What’s Up, Doc? Weekly Round-up - Dec. 11

Sarain Fox’s Inendi is among a series of COVID-era docs released by CBC Short Docs


By Madeline Lines

In a year of immense upheaval that’s left no industry untouched, the world of documentaries has faced unique challenges in 2020. After months of online festivals in which the majority of films still reflected a pre-COVID world, it will be interesting to see how the coming year in documentary film will reflect our “new normal.”

For example, CBC Docs recently spoke to the directors of the films in their series Alone Together: Personal Stories from the Pandemic to learn about what it was like to film a documentary this year. “For so many of my people, this is not their first ‘pandemic’,” wrote Indigenous filmmaker Sarain Fox on the making of Inendi, a film that deals with the threat COVID-19 poses to Indigenous elders and knowledge keepers. “As the director, I needed to make sure our crew did not become unwitting transmitters of this virus. I was terrified of the harmful effect we could have on my community.”

Many reflect on the challenges of cutting down a crew, travel restrictions, and the increased difficulty of gaining the trust and comfort of their subjects. Increased logistical challenges have forced many to get creative, like Nicole Bazuin, director of Last Night at the Strip Club. “Early in the doc, Andrea recalls a patron asking her for ‘tongue kissing’ as the pandemic loomed,” writes Bazuin. After struggling to find a way to recreate this key scene visually, they decided, “Andrea would portray both herself and the creepy dude — nicknamed ‘Marco’ — in a Parent Trap -esque way. After watching a beard-painting tutorial online…Andrea borrowed her boyfriend’s clothes and ‘Marco’ was born.”

The New York Times Magazine recently published a feature on Anand Patwardhan titled, India’s Leading Documentary Filmmaker Has a Warning. Writer Abhrajyoti Chakraborty explores how documentary-watching has become a dangerous act in India, where Patwardhan’s latest film Reason remains officially unreleased two years after premiering at TIFF. “With almost every documentary he has made, Patwardhan has had to approach a court to ensure it is shown without restrictions,” Chakraborty writes. “His films have won publicly funded awards at the same time as efforts have been made to limit their viewership. They reflect, both in their reception and content, the schizophrenic nature of Indian democracy.” Read POV’s interview with “The Michael Moore of Indian documentaries” in this piece from the archives.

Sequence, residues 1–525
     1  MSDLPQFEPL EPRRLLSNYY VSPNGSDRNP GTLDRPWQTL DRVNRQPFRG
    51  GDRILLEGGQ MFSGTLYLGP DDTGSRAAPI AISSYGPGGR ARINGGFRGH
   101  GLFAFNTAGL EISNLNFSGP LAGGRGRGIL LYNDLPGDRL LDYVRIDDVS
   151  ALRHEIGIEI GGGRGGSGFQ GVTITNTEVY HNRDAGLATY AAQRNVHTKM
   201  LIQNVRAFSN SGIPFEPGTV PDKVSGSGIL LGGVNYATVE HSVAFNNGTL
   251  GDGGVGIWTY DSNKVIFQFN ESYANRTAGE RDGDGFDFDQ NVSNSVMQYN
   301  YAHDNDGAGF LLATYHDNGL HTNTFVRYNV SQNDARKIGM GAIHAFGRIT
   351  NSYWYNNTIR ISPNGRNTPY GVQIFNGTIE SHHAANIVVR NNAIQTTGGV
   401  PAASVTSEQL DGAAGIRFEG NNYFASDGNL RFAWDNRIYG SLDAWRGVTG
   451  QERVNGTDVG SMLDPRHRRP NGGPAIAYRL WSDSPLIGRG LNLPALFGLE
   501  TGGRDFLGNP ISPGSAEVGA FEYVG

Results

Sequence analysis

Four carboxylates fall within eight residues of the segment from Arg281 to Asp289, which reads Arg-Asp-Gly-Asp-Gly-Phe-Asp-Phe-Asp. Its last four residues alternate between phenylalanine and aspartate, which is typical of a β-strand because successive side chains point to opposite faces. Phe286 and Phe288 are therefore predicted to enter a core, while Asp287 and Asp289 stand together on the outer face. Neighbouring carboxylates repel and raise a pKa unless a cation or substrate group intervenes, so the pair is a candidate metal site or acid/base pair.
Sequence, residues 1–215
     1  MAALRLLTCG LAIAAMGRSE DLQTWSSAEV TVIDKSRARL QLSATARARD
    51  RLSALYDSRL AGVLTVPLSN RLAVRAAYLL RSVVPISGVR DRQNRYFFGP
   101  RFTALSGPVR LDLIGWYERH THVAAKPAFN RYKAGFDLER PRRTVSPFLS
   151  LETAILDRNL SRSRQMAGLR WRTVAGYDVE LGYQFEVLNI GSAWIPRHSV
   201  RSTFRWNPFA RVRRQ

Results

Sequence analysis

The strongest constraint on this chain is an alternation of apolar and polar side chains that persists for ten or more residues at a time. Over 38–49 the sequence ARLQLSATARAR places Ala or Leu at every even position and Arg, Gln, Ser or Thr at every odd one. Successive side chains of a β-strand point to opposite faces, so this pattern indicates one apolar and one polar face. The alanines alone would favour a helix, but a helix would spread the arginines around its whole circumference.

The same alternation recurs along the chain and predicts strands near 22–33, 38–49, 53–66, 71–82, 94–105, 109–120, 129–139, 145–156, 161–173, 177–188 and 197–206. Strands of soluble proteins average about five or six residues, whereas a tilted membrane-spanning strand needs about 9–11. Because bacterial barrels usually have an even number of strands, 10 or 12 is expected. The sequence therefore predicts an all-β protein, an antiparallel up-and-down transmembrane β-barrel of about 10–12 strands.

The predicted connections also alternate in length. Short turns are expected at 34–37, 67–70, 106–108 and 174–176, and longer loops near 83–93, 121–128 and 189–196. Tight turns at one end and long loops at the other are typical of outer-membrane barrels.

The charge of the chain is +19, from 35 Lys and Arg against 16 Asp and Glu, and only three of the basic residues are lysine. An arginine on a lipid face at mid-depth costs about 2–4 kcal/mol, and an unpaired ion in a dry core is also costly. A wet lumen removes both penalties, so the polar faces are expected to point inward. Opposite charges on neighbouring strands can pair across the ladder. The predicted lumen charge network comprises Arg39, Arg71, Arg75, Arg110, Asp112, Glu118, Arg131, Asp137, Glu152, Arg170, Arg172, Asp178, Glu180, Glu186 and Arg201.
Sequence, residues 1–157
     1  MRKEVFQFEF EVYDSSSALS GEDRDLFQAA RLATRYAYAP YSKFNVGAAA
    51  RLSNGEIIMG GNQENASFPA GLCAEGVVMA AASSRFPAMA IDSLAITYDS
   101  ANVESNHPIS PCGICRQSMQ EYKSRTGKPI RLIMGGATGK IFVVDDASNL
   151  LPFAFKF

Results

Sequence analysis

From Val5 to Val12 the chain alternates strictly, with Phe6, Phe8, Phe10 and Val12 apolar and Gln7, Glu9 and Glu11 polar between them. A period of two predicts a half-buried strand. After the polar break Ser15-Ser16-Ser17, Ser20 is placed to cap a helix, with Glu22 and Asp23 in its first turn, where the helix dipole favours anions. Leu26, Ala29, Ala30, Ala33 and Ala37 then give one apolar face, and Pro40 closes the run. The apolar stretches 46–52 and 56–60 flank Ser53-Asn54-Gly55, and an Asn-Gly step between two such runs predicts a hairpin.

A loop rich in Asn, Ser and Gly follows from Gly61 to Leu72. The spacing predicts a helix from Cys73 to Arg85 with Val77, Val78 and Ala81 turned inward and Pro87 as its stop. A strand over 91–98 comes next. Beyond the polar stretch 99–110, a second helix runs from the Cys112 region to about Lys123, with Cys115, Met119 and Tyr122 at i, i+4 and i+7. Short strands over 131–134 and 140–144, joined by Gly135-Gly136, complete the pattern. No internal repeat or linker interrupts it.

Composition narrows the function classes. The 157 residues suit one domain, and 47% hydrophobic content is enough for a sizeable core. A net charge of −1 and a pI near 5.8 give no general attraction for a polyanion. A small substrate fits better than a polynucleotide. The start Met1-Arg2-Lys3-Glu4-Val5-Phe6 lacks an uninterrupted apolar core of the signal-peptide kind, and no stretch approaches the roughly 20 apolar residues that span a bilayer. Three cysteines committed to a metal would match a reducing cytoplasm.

ICYMI, someone was trying to pull the plug on a documentary screening in Calgary late last month. Const. Chris Harris of the Calgary police attempted to block the CUFF Docs screening of No Visible Trauma, a documentary on police brutality in Calgary produced by Lost Time Media. While the injunction was rejected, Harris is suing for defamation, and filmmakers are banding together to contribute to a legal fund for Marc Serpa Francoeur and Robinder Uppal. “We take our work very seriously and stand 100% behind the accuracy and integrity of our film,” Serpa Francoeur noted in an email to POV. “We emphatically deny Cst. Harris’s allegations, reject the veracity of the evidence advanced in his court filings, and intend to vigorously defend the claim.” Read more about the situation here.